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OpenBenchmarking.org

Ivy Bridge Graphics Benchmarks From Linux 3.12 Kernel

Linux Kernel

Published on 18 September 2013 12:25 PM EDT
Written by Michael Larabel in Linux Kernel
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When running some Iris Pro 5200 graphics benchmarks we were surprised to see the Intel Linux 3.12 kernel changes didn't boost the performance at all given that it enables the 128MB of dedicated video memory. Additionally, within the forums there's been reports of Intel users seeing decreased performance out of the 3.12 kernel code. To clear up matters a bit, here's some Intel Ivy Bridge tests on Linux 3.12 compared to prior kernel releases.

Some quick benchmarks were done on Tuesday at Phoronix of the Linux 3.9, 3.10, 3.11, and 3.12 Git kernels from an ASUS Ultrabook bearing an Intel Core i3 3217U CPU with HD 4000 graphics. Xubuntu 13.10 was in use when changing out the kernels from the Ubuntu mainline PPA. Mesa 9.3-devel was in use.

These early Intel Ivy Bridge Linux 3.12 kernel benchmarks can be found on OpenBenchmarking.org via 1309185-SO-INTELIVYB44. Similar to the Iris Pro results, there really isn't much change out of the Linux 3.12 kernel. For this generation-old Intel graphics core, the Linux 3.12 kernel didn't really lead to the OpenGL frame-rates in any of the games tested to be substantially different -- for better or worse.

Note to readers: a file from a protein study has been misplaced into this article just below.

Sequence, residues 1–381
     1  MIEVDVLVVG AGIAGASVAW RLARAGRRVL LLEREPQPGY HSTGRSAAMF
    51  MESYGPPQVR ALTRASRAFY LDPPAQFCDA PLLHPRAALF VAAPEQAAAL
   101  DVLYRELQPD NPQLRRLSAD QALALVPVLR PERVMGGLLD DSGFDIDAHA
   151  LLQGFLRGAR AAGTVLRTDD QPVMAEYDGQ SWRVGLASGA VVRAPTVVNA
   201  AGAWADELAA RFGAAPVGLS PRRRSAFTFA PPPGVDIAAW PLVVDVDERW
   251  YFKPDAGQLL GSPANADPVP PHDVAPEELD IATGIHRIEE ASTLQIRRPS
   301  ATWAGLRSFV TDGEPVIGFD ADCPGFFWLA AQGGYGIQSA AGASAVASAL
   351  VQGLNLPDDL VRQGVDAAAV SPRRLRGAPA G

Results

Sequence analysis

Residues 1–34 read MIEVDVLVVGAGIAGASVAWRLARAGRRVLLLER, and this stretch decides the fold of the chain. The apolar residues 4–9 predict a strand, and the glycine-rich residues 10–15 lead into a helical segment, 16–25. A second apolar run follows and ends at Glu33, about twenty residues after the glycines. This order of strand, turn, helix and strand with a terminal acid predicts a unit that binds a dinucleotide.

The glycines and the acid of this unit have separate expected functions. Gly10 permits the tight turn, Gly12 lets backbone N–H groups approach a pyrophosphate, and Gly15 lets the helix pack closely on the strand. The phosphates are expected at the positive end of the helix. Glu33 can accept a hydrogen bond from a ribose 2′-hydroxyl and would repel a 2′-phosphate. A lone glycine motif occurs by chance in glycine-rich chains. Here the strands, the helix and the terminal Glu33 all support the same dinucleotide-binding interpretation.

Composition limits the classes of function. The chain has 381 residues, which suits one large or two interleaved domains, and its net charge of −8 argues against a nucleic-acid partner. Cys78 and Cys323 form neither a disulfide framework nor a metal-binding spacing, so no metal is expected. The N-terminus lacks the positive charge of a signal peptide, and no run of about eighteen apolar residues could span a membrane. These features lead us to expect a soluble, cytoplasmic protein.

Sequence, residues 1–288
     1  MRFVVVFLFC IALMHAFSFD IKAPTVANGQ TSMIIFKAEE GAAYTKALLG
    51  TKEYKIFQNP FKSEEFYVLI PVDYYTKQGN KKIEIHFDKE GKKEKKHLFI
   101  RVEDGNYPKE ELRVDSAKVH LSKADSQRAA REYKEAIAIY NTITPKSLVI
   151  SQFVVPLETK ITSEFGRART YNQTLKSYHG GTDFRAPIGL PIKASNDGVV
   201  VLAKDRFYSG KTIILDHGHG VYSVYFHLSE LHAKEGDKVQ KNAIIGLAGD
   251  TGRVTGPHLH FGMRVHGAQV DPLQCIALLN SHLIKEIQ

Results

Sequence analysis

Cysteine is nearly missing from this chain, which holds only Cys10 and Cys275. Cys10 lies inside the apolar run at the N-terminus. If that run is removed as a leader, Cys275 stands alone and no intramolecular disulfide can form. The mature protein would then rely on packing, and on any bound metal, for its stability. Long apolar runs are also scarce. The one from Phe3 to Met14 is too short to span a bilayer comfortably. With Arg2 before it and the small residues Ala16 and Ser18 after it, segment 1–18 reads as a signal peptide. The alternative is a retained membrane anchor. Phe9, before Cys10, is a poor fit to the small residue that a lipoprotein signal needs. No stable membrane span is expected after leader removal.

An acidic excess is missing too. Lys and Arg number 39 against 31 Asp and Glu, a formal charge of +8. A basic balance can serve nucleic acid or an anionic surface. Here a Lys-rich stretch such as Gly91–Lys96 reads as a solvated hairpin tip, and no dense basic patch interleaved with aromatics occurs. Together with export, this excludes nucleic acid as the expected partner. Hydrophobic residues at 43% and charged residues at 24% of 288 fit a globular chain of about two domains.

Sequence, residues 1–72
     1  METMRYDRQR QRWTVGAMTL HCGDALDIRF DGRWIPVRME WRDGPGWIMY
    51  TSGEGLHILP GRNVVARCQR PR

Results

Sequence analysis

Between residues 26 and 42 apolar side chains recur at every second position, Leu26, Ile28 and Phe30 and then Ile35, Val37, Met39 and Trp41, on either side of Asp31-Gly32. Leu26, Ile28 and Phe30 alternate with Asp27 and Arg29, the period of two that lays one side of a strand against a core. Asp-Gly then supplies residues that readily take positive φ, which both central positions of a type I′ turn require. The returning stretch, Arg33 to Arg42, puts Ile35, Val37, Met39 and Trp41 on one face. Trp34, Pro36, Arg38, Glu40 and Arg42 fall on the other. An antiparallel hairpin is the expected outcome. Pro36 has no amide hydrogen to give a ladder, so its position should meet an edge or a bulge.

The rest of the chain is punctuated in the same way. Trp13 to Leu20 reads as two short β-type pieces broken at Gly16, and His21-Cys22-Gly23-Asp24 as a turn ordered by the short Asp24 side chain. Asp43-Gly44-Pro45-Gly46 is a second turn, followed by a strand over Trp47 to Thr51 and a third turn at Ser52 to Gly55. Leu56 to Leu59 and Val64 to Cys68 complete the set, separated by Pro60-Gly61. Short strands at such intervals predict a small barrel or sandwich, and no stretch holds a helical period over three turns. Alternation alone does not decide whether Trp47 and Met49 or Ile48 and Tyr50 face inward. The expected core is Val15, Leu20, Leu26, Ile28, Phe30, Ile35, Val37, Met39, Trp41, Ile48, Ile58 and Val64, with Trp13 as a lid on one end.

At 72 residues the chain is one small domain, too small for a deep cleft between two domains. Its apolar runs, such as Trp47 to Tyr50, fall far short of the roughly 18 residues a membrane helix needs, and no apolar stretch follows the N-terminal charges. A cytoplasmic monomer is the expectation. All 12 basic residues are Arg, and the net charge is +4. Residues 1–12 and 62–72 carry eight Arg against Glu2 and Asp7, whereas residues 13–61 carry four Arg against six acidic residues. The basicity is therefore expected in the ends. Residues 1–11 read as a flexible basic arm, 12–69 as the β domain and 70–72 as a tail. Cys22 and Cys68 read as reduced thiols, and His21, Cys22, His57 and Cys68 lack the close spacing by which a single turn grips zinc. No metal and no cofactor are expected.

Testing will continue, but so far the Linux 3.12 kernel doesn't appear to bring any significant performance changes on the graphics side for Intel users. At least though Linux 3.12 has a whole lot of new features.

About The Author
Michael Larabel is the principal author of Phoronix.com and founded the web-site in 2004 with a focus on enriching the Linux hardware experience and being the largest web-site devoted to Linux hardware reviews, particularly for products relevant to Linux gamers and enthusiasts but also commonly reviewing servers/workstations and embedded Linux devices. Michael has written more than 10,000 articles covering the state of Linux hardware support, Linux performance, graphics hardware drivers, and other topics. Michael is also the lead developer of the Phoronix Test Suite, Phoromatic, and OpenBenchmarking.org automated testing software. He can be followed via and or contacted via .
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